There are no studies which investigated the effect of MOMP on cytokine response. Our study suggested that on intraperitoneal immunization of adult mice, there is no alteration in the levels some cytokines (IL-2, TNF-α, IL-17A and IL-17F, IL-10), the levels of some cytokines are elevated (IL-4, IL-8 and IL-1β) and the levels of some cytokines are decreased (IL-2 and IFN-γ) in the spleen. The varying levels of these cytokines produced by spleen cells in this mouse model of infection may be used as markers of immunity when MOMP is used as the vaccine. We measured these cytokines one week after the 3rd dose of the vaccine at which time we could demonstrate a significant antibody response and protection. The antibody response correlates well with the bias towards an anti-inflammatory or Th2 cytokine profile.
All data generated or analyzed during this study are included in this published article.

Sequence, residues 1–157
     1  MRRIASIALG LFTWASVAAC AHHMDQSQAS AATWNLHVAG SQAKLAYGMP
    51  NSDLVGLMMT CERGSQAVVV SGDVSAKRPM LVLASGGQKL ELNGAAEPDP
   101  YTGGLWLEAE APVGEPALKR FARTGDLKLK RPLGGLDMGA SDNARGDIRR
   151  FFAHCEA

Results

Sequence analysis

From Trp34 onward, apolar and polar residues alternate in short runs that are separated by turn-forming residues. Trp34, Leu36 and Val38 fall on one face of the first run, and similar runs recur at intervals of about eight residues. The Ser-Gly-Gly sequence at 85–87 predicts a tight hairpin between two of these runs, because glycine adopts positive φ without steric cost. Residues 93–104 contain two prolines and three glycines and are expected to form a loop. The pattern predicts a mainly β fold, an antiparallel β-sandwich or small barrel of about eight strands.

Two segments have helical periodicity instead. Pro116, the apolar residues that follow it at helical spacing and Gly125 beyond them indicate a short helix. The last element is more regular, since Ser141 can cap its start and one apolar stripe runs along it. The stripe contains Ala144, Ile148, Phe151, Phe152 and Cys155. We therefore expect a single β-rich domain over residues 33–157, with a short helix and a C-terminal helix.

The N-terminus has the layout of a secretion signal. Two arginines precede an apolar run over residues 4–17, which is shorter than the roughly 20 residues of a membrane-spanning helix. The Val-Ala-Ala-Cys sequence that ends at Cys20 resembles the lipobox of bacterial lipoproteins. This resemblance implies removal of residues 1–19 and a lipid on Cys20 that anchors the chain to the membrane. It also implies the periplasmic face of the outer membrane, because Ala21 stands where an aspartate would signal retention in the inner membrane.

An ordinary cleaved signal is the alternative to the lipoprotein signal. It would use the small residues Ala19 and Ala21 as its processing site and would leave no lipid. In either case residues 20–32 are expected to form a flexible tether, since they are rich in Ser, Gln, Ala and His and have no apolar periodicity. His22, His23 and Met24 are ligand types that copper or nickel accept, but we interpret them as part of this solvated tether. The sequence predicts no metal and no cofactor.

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This work was supported by grant MI03/13 from the Research Sector, Kuwait University, Kuwait. This work also used some equipment from the Kuwait University Health Sciences Center Research Core Facility (funded by grant GM01/15 by the Research Sector, Kuwait University). Staff of the Kuwait Animal Resource Center, Kuwait University, provided and took care of, the animals used in this study.
The authors declare no competing interests.
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Albert, M.J., Raghupathy, R., Khan, I. et al. In vitro spleen cell cytokine responses of adult mice immunized with a recombinant PorA (major outer membrane protein [MOMP]) from Campylobacter jejuni. Sci Rep 9, 12024 (2019) doi:10.1038/s41598-019-48249-3